Glycolysis is the method by which Glucose is broken down to yield two molecules of pyruvic acid. The reaction can be carried out in the absence of oxygen, making it an anaerobic reaction. An example of glycolysis occurs in the human body during strenuous exercise: The muscles build up lactic acid as a by-product. In plants, the process produces ethanol. In both instances, the exact phenomenon is termed fermentation. This article provides a way to teach this complex sequence to children.
Teaching Glycolysis to Children
- 10 Name tags
- Four small balls
- Two hats
- Two jackets
The balls represent the phosphate groups moving in and out of the glycolytic pathway. This provides a easy way of seeing what is actually happening in the glycolysis. As you change elements and and props, explain to the children what is happening biologically so they can make the connection between the exercise and science behind it.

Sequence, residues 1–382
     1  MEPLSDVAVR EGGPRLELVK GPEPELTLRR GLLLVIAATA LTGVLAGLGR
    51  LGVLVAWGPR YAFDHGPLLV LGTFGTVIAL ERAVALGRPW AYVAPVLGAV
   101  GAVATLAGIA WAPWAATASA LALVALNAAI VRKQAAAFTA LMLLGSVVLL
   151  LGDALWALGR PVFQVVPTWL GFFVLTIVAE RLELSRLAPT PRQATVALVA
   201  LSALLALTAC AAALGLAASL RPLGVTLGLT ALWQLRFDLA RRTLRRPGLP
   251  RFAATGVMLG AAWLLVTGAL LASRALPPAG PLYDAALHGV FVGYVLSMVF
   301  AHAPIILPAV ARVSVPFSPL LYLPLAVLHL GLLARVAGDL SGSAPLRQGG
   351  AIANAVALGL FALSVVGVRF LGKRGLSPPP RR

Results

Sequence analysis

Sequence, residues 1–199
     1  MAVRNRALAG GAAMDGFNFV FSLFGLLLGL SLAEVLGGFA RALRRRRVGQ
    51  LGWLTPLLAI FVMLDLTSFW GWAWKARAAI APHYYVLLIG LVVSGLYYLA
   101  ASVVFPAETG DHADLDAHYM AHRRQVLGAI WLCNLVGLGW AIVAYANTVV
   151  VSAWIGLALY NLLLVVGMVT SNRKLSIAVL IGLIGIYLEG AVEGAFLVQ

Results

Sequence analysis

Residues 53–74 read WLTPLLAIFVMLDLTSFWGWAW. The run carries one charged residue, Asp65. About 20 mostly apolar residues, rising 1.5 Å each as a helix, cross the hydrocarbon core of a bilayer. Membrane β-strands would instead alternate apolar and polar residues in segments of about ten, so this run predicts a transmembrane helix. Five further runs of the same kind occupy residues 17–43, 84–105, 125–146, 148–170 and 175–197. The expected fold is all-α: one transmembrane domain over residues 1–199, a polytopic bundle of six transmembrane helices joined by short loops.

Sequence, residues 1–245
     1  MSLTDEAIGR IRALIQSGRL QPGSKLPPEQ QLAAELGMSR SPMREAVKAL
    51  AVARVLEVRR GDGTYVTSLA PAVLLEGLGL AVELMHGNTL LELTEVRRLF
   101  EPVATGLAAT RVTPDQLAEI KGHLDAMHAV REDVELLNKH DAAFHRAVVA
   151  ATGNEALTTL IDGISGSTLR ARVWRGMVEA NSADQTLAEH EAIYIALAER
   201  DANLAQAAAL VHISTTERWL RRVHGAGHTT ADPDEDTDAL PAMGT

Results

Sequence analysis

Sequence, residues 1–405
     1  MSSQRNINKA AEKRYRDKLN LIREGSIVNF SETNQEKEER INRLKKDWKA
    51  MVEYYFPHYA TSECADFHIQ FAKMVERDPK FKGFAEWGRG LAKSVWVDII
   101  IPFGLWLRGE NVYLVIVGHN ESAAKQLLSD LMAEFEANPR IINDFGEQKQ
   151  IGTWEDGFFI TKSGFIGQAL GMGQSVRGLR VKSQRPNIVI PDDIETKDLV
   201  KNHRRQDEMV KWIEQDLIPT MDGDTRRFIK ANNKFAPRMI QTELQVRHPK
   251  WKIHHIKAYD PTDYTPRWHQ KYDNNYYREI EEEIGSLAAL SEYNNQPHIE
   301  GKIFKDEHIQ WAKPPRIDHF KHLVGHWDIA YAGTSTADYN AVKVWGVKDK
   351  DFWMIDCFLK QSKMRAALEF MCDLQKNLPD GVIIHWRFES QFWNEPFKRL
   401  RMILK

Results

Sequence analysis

Try this with a group of children, but only two are needed for the actual exercise. Take the two kids and have them hold hands. Place a tag on each; they are "Glucose." Give one a ball; now they are "Glucose-6-Phosphate." The balls here represent a phosphate group. Change the tag.
Put jackets on both children. The jackets represent a different appearance but the children (core) are the same, just as Glucose and Fructose have the same amount of atoms but are distributed differently. Now they are "Fructose-6-Phosphate." Change the tag. Give the other child a ball now they "Fructose-1,6-Bisphosphate." Change the tag.
Separate the two kids and give them each another ball (phosphate). Collectively they should have four balls (phosphates) and change the tag to "PGA," or Phosphoglyceraldehyde. Then both kids should give up all of their balls (phosphates). Change the tag to read Pyruvic Acid. This is the end of the pathway.
Things You'll Need
About the Author
Martin Williams is a freelance writer and blogger who has written for his own blog and various other websites. Williams has a bachelor's degree in biology from Norfolk State University. His writing specializes in sports and politics.